November 27, 2023 3 min read


Tough Regulations to Impact Dublin Betting Shops Advertising

New changes to the city's planning regulations seek to limit advertising by betting shops during sports events

The current planning regulations in Dublin, Ireland, require betting shops to remove banners promoting gambling without a penalty within a period of four weeks. During this time, the betting shops can retain this form of advertising which is deemed illegal by the Dublin City Council, a council responsible for planning, development and other community initiatives. While those regulations seek to safeguard vulnerable individuals from betting advertising, the four-week period created a loophole that is used by gambling operators.

Four weeks is approximately the duration for some sports competitions, which otherwise means that betting shops can advertise through this loophole in the regulations by placing illegal advertising banners and then taking them down without a fine. Identifying this practice as a problem, the Council seeks to engage in a testing case with the goal of discontinuing it, a new report suggests.

Last week, a report released by The Irish Times, suggested that the Dublin City Council plans to close the loophole that allowed betting operators to prey on “marginalized communities” and vulnerable individuals through illegal betting advertising banners. Such banners can be seen inside betting outlets during popular sports tournaments, including horse racing events and soccer games such as the World Cup.

Per the new proposal, the Council plans to “go straight to legal action in respect of the next suitable case that comes before Dublin City Council relating to a banner erected on a betting shop advertising betting services.” Ultimately, the test case plans to forego the four-week requirement and quickly respond to the betting advertising malpractice.

Gambling Companies Prey on Vulnerable Groups Thanks to the Loophole

According to Janet Horner, Green Party councilor, the loophole in the planning regulations enabled gambling organizations to exploit vulnerable groups in a “moral-less” manner. She explained: “I think it’s outrageous they do this knowing that they are exploiting a planning loophole.”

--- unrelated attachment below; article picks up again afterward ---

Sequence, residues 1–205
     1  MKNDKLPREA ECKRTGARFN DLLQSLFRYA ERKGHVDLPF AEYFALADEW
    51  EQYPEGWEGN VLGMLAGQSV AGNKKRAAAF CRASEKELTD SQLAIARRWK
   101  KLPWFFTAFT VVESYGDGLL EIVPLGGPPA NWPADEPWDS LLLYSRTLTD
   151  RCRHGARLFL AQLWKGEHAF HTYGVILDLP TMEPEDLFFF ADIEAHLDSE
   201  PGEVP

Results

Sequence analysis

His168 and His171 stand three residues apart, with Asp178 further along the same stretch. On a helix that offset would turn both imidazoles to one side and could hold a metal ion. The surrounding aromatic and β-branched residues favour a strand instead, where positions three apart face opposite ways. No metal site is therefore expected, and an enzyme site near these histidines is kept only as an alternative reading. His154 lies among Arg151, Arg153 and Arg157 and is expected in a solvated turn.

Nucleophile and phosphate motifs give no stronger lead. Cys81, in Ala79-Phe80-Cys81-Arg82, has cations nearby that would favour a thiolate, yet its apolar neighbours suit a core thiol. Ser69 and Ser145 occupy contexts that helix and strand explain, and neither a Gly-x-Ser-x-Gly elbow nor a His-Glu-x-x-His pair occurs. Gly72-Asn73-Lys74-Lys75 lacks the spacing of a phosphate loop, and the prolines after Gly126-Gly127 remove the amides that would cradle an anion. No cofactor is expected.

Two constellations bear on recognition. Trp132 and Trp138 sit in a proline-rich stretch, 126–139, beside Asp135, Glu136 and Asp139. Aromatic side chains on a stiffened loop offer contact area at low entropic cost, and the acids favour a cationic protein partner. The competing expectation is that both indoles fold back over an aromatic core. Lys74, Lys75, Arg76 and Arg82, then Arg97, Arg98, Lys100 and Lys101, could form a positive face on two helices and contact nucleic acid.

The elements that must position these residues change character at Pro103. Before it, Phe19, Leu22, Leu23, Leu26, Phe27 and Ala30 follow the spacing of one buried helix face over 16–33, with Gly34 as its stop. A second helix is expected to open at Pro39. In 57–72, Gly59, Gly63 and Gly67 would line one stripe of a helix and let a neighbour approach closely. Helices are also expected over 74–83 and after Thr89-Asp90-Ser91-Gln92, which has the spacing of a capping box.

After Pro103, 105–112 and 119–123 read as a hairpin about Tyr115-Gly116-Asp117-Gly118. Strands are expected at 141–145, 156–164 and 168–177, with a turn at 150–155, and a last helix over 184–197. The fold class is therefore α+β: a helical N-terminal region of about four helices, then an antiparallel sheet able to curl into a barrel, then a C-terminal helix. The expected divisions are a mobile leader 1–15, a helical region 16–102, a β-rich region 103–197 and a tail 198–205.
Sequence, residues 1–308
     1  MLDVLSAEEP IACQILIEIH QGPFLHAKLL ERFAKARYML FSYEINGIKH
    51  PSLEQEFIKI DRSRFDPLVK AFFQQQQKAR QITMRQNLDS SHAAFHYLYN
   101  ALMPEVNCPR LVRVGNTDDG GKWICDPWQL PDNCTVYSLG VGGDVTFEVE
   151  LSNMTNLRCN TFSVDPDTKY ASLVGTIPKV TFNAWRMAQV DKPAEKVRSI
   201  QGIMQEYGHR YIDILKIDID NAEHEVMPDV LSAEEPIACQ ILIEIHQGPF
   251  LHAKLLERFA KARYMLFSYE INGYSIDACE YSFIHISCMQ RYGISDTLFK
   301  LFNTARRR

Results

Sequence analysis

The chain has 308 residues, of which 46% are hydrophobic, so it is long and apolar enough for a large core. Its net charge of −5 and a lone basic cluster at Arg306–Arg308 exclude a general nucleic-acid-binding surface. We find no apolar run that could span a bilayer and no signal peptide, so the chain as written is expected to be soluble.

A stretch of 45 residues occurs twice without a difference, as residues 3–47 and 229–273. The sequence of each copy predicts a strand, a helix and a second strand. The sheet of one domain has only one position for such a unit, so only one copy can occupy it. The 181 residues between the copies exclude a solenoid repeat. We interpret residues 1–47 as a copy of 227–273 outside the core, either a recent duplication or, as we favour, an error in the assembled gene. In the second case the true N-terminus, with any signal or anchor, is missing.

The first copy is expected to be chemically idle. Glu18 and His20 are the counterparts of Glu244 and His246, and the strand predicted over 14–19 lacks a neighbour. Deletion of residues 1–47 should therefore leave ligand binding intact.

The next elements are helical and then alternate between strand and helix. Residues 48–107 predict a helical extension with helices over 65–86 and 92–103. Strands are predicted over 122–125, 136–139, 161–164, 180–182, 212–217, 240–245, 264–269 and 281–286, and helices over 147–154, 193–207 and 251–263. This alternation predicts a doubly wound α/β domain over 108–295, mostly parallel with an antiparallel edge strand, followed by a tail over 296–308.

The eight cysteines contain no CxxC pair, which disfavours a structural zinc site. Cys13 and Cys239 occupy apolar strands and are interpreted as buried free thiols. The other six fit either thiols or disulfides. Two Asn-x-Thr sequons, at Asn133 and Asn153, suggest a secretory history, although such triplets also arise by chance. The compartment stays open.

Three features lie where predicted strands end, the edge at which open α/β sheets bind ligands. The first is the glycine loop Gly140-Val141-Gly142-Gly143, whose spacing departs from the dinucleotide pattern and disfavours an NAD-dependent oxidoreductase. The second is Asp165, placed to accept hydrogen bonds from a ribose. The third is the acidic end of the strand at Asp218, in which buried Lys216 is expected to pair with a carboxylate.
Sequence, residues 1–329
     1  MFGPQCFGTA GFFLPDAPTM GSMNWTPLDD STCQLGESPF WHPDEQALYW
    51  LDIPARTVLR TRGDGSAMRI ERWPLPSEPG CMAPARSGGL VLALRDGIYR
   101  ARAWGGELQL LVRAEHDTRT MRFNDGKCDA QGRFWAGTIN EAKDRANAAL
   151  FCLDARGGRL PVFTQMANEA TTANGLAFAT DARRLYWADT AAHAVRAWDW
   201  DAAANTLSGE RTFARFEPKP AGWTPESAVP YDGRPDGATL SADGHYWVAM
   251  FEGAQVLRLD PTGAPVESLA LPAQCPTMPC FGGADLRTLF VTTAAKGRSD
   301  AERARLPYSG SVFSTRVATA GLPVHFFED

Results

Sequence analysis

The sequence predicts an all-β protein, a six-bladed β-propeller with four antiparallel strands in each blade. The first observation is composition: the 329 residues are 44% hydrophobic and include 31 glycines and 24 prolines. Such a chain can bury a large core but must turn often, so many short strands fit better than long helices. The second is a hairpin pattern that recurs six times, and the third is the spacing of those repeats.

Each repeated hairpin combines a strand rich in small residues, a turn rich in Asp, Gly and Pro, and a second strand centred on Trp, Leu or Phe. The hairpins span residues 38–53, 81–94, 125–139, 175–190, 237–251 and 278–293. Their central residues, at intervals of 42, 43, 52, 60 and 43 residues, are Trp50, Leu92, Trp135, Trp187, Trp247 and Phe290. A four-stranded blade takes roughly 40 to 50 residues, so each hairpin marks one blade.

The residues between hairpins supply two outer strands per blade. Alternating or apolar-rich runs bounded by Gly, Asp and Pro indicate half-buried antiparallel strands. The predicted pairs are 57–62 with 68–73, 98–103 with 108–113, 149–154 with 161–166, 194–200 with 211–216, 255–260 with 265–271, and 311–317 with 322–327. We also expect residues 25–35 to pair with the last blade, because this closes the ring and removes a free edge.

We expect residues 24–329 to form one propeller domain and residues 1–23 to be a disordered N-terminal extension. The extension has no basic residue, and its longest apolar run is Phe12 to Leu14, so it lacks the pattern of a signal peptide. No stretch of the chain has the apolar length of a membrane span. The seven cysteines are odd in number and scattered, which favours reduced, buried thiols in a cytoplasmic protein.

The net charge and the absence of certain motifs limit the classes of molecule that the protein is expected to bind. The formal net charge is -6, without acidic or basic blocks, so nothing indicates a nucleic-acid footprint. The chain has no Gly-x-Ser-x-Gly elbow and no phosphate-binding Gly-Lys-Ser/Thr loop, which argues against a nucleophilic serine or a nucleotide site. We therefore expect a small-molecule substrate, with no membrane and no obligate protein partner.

Horner remembered seeing advertising across the front betting shops for the Rugby World Cup. She admitted to filing complaints, saying that she hoped other people did that too. However, Horner warned about the ineffective regulation that requires betting companies to comply within four weeks, which matches the duration of some sports tournaments. “The banner has done its job, and done its damage, in the time they have been given by the planning legislation to remove it,” she said.

Ultimately, the crackdown on gambling advertising seeks to reduce at-risk and problem gambling. The latest plan of the Dublin City Council comes after early last month, the Irish government postponed a critical decision regarding levy increases. At the time the government posted its new budget, it was missing the previously discussed tax rate increase. Ireland’s Minister of Finance, Michael McGrath, did not disclose why the budget was missing the proposed change but explained that the tax rate for betting shops may be increased in the future.


Jerome is a welcome new addition to the Gambling News team, bringing years of journalistic experience within the iGaming sector. His interest in the industry begun after he graduated from college where he played in regular local poker tournaments which eventually lead to exposure towards the growing popularity of online poker and casino rooms. Jerome now puts all the knowledge he's accrued to fuel his passion for journalism, providing our team with the latest scoops online.

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